A few months ago Mary Jo Foley got a tip about some new brand names that were  being considered for Live Search. One of these, Kumo, jumped out at us due to the sheer scale of TLDs that had been acquired during 2008, aswell as the corporate owner hiding anonymously behind the registrar. Incidentally, Kumo means “cloud” or “spider” in Japanese.

Fast forward to this week and Microsoft suddenly showed its hand. Control of the domain was moved from the registrar to Microsoft, and is now pointing to an internal Microsoft test site (employees only). You can test this out at home by firing up the command prompt (type “cmd” in the Vista start box) and then type “tracert”. You’ll see the route to the end location go through a few servers, and then suddenly you’ll notice all those asterisks, which is where becomes available for internal use only.

We’re guessing that the internal sites are probably similar to the user interface testing versions that had screenshots leaked last month. These are used to run various permutations of the search UI to see how they perform against a control version. While Microsoft employees have admitted publicly that there are branding issues around Live Search, we’re not quite ready to stick our heads above the parapet and say that Kumo will be the new brand name to be announced in a 2009 update. For a start Microsoft and search branding has been a mess for a while and so who outside the company knows where they will actually end up in 6 or 12 months from now. Then there has been separate chatter about a rebrand back to Windows Live Search, which would tie the search engine back to the other Windows Live properties and Windows as a whole. Given the $300m ad campaign – Windows, Life Without Walls – seeks to link Windows + Live + Mobile together, this could make sense. However for the conspiracy theorists out there, which includes us, this could be one way of hiding the real new brand name internally. Perhaps more importantly, a floundering Yahoo, minus Jerry Yang, really does offer some good acquisition incentives for Microsoft. How much should you pay for a few hundred million eyeballs that you hope will turn into search volume? Yahoo shares ended trading on Friday at $9.39, 70% down on the original Microsoft bid of $31 per share. On a random aside, the first trademark request for Kumo as a search engine was filed by a Venezuelan individual. Yet another reason why this name might not ever make it out into the public eye on a Microsoft product. So technical issues around results, relevancy and features aside, would Kumo make a better brand name than Live Search? Does Kumo have the potential marketing strength that is needed to challenge Google? We’re not sure, but hey these Live Search branding posts definitely give us food for thought.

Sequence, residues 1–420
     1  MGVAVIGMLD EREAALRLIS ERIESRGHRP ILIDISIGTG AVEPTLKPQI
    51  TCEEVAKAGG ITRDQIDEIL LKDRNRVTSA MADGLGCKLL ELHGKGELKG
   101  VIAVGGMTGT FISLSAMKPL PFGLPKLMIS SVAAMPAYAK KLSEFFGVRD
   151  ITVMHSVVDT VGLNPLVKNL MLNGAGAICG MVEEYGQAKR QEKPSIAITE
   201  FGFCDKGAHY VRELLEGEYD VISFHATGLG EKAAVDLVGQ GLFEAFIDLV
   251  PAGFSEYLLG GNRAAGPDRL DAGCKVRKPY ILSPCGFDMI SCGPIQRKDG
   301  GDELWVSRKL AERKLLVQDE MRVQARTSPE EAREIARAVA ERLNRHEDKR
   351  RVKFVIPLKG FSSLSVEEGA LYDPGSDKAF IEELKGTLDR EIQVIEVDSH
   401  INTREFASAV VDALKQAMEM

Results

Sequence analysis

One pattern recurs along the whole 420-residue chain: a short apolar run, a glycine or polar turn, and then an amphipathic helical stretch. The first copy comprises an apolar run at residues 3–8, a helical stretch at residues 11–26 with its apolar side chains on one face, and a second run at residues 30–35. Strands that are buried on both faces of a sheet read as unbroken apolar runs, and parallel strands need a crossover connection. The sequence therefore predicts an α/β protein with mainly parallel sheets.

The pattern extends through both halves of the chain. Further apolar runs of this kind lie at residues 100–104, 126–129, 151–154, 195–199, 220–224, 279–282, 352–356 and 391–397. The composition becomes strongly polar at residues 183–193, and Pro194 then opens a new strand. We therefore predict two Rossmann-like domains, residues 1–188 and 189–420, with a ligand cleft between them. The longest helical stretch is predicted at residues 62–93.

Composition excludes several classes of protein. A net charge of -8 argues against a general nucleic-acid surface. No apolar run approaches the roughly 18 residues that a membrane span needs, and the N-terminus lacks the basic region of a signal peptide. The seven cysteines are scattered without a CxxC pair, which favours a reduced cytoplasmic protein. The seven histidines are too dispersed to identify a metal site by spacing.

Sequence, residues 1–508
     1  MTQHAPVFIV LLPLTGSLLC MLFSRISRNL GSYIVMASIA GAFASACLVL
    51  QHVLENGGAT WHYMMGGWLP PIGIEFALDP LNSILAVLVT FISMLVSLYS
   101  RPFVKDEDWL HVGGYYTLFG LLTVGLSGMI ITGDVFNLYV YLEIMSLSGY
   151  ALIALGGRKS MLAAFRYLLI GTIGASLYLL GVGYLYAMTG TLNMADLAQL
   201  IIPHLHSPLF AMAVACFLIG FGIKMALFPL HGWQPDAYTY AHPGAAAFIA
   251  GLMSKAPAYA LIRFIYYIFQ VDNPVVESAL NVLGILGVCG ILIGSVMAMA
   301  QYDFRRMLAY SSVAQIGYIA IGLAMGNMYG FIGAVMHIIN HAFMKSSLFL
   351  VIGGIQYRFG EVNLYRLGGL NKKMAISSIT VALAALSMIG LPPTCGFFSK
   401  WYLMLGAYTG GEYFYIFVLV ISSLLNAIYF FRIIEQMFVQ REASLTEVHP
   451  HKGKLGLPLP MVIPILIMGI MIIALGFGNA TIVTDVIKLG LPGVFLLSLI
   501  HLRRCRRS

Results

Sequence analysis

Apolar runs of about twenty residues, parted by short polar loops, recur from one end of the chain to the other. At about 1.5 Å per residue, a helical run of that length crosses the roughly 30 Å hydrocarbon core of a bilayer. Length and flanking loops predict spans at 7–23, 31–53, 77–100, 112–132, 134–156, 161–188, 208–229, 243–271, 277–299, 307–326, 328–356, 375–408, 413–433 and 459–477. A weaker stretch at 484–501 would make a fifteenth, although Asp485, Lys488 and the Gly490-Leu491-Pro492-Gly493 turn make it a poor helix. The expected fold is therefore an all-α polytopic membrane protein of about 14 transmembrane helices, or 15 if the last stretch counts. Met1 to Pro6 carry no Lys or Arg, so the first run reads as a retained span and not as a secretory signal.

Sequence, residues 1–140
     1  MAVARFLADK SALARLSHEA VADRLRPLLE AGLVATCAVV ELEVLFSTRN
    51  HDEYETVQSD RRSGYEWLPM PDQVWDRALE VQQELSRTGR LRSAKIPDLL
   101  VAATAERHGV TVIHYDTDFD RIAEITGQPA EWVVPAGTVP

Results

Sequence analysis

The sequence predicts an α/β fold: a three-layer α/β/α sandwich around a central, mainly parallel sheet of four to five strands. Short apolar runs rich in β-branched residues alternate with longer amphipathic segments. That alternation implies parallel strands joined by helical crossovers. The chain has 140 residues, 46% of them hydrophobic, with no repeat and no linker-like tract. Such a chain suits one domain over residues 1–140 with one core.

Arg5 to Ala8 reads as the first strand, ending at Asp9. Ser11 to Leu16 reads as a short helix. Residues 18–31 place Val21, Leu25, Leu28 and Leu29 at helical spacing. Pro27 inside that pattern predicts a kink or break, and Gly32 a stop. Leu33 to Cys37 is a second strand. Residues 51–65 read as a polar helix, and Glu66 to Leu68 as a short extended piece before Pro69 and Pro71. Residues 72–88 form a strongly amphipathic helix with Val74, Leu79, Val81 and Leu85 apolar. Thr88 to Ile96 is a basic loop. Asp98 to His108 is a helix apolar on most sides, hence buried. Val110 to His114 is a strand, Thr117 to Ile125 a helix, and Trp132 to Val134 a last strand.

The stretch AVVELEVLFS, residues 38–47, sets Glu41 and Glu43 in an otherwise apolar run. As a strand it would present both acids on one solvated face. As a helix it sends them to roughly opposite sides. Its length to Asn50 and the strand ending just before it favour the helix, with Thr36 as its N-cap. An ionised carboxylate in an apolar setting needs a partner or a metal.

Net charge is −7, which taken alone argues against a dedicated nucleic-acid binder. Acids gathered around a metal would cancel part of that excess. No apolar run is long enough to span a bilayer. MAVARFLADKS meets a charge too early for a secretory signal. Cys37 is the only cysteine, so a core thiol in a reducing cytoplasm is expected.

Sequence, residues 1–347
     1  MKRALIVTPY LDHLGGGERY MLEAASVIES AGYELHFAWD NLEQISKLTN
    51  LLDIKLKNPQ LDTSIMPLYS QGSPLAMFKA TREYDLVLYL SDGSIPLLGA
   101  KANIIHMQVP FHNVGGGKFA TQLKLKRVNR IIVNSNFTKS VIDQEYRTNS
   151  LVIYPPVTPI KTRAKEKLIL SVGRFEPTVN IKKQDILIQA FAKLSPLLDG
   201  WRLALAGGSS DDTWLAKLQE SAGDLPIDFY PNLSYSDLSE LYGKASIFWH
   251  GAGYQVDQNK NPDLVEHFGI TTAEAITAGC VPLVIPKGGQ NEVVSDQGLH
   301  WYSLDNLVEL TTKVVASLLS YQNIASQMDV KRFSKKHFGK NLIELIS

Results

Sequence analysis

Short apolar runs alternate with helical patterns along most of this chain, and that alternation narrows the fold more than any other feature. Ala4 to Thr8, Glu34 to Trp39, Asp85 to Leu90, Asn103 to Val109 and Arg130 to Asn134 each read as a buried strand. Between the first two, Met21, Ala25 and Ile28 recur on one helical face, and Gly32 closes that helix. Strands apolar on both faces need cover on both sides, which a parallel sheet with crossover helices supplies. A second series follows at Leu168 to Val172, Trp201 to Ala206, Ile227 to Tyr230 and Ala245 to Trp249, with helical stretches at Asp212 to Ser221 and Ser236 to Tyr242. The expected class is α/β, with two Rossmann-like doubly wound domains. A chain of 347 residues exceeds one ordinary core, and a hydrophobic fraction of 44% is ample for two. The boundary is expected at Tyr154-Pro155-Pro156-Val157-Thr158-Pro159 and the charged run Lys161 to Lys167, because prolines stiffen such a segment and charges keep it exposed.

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SuiteLinq with Hyatt Regency Woodfield

The Hyatt Regency Woodfield, located in Schaumburg, Illinois, has selected SuiteLinq, Inc. to deploy its digital entertainment solution in all of the property's 470 rooms.

SuiteLinq, a provider of broadband and on-demand solutions for hospitality and extended-stay environments, will be deploying its SuiteCast(TM) and SuiteVOD(TM) services, with the goal of creating a truly home-like experience in each guest room.

The combined solution provides free TV channels and a variety of Video-On-Demand content, delivered in standard and high definition, on 37" and 42" Sharp LCD HD televisions.  According to Jim Gould, GM of The Hyatt Regency Woodfield, the decision to deploy SuiteLinq's solution is part of the property's continuing efforts to be totally customer centric.

"It is clear that guests are now ahead of the hospitality industry in terms of their digital entertainment expectations. At home, most of them have hundreds of TV channels, including high-definition ones, as well as access to Video-On-Demand services," states Gould. "But too many other properties are content to give guests an antiquated in-room video entertainment service that contributes nothing to the guest experience. That simply won't do for our customers. Our property and The Hyatt brand are all about creating memorable, personalized experiences that generate true customer satisfaction and guest loyalty. We've realized that solutions like SuiteCast and SuiteVOD are quite simply mandatory. Guests are demanding them and we are listening," he states.

Amidst a challenging economic environment, Joseph Mustilli, SuiteLinq's CEO, actually sees a growing need for integrated guest room digital solutions like those offered by SuiteLinq. "As consumers become more discerning about their travel behavior and purchases, it is critical that properties differentiate themselves from their competitors. SuiteLinq provides a very powerful 'suite' of services designed to make an impact on guests by creating an in-room environment that is just like home - only better. The net effect is that guests check-out with a positive memory of their stay and a stronger intent to return. We are proud to add The Hyatt Regency Woodfield to our expanding list of clients."

For more information about SuiteLinq, contact Darrin Davis at 703-953-2624, or via email at ddavis(at)